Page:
“After watching my father participate for several years, I have always aspired that one day I would too have the opportunity to participate in the Vaka Eiva, and get the same enjoyment that he has shared with me,” she wrote via email before arriving on Rarotonga from her native Rotorua.
In her last year at John Paul College, Timoti has already enjoyed a prolific racing career, including but not limited to 11 gold medals and 10 silver medals at national and international racing events.
In 2015, she won her first two gold medals; the following year she won fourth in her division at national sprint races, placed third in the OC1 open women relay, and won gold with her team at the Takapuna Beach Cup. Later that year, in 2016, Timoti placed second in the IVF Va’a World Championships in the 500m course and her team placed third and fourth in sprint races.
At New Zealand’s Long Distance Nationals, she won silver medals in both an OC1 and a W1—New Zealand’s term for a V1, or a rudderless vaka—and then became a top regional qualifier in the 500m sprint.
Last year, Timoti won four medals at Te Wananga O Aotearoa Waka Ama National Sprint Championships, two at Takapuna Beach Cup, and two at the New Zealand Long Distance Nationals. She placed first at the Air Tahiti Nui Aotearoa Aito short course and was a regional top qualifier at Te Puku O Te Ika.
Earlier this year, she won bronze in the New Zealand qualifier for a world event in Tahiti and gold in the 250m sprints for her age group; placed third and then fourth in events at the Takapuna Beach Cup; and was selected for the World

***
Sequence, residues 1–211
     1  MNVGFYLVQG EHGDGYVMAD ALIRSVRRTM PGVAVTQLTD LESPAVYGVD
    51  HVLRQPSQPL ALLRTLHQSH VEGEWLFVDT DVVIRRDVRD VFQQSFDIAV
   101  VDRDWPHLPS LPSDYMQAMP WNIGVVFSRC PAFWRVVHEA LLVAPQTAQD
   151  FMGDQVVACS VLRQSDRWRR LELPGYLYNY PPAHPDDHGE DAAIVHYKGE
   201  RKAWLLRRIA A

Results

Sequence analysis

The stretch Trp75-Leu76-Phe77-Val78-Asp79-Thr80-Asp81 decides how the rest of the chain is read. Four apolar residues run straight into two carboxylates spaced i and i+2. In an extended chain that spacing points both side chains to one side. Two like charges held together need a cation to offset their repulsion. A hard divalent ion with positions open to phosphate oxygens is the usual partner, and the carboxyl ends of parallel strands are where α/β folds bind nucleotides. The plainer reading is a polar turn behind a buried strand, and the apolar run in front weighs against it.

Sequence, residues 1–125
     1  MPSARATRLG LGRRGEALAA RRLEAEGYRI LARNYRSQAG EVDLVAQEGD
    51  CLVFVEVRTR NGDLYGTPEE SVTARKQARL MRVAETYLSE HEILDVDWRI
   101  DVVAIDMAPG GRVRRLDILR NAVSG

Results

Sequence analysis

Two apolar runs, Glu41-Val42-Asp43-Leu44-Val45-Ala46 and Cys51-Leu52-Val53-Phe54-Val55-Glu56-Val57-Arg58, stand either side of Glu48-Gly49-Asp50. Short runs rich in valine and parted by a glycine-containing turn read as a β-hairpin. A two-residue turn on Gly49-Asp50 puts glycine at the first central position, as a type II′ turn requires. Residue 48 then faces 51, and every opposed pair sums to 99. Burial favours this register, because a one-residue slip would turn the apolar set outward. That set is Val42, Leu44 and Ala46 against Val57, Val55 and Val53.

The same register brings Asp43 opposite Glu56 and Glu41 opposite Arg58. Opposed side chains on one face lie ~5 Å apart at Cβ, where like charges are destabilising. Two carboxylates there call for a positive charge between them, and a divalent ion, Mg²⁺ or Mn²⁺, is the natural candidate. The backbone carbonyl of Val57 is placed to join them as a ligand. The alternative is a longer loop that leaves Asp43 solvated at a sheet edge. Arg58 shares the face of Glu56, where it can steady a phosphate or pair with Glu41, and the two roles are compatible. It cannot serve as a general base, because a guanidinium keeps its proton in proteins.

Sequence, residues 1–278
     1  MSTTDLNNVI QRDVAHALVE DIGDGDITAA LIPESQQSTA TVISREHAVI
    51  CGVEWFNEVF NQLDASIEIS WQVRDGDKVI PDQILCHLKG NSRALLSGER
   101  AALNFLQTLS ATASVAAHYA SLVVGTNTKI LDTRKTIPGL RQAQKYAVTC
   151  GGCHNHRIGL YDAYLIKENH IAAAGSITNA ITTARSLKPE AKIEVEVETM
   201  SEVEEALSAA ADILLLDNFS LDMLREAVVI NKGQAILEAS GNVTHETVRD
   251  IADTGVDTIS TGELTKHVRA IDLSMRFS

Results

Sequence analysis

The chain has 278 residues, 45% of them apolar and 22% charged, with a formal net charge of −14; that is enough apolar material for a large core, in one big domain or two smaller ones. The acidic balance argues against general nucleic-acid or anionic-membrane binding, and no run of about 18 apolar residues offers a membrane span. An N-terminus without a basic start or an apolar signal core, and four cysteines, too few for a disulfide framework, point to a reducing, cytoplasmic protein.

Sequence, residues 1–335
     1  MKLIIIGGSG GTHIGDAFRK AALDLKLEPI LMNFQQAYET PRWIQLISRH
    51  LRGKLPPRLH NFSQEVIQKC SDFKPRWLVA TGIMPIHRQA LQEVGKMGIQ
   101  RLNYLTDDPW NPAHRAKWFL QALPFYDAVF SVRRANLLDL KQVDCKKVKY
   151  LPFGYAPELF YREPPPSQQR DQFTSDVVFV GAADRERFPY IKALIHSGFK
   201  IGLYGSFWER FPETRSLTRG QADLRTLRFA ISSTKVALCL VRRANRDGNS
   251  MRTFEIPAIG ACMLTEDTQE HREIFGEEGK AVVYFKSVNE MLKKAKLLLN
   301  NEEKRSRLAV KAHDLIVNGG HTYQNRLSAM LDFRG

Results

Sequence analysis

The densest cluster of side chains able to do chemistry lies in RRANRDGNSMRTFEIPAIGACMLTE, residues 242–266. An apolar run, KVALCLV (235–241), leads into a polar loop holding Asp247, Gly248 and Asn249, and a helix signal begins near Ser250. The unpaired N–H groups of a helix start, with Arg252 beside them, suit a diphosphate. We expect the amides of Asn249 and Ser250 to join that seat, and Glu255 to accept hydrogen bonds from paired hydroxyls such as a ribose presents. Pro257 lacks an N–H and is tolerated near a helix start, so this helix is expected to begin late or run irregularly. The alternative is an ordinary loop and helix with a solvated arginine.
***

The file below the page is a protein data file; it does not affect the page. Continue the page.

Va’a Elite Squad as well as the Premier Women’s Elite Squad. She also won gold in the Secondary School Championships.
At this year’s IVF World Va’a Championships in Tahiti, she won three gold and two silver medals. She also set a new world record in the New Zealand Elite 1000m sprints.
All of this is only a partial list of Timoti’s achievements in her sport.
Her interest in paddling began with her father, who also paddles. She began participating at the age of 11 and two years later joined Hei Matau Paddlers, which gave her the opportunity to race long distance and sprint courses.
She now paddles eight times a week, in addition to gym and swim workouts, and when she can, plays basketball, sevens, and water polo.
“At times it can be a challenge,” she admitted, “but with my supportive family behind me every step of the way, [I] prioritise time and plan a set schedule of training, study, and social time for each week.”
As is the Cook Islands way, she puts her family first, crediting her parents and extended family with not only introducing her to paddling but also encouraging her in all her training, racing, and mental preparation.
“My inspiration to train and continue to progress is definitely my family,” she wrote. “To see the amount of dedication that they too put into my successes. By this I mean how my parents inspire me to keep going and pushing to work hard to achieve my goals along with the amount of time and effort that they pour into seeing me succeed is what motivates me. “
Timoti trains on a lake in Rotorua, where conditions are unpredictable. The most challenging part of paddling, she finds, is mustering the motivation to get to training.
She finds training and racing both peaceful and exciting.
“Being out there on the water in a team or on a single, you’re always working towards a bigger goal [and] the thrill and adrenaline that runs through you during racing is an amazing feeling,” she wrote. Beyond the physical and mental benefits of paddling, Timoti enjoys the fellowship and camraderie of fellow paddlers, not only her teammates but also the athletes she meets competing at national and international races.
Vaka Eiva has always been a dream for her. She’s looking forward to the big ocean swells, adrenaline packed racing environment, and specifially, the Round Rarotonga Relay Race—a highlight for many new and returning paddlers.
Her other dreams include attending university to study health, sport and human performance; to compete in the Molokai crossing; and to keep paddling around the world at an intense and competitive level.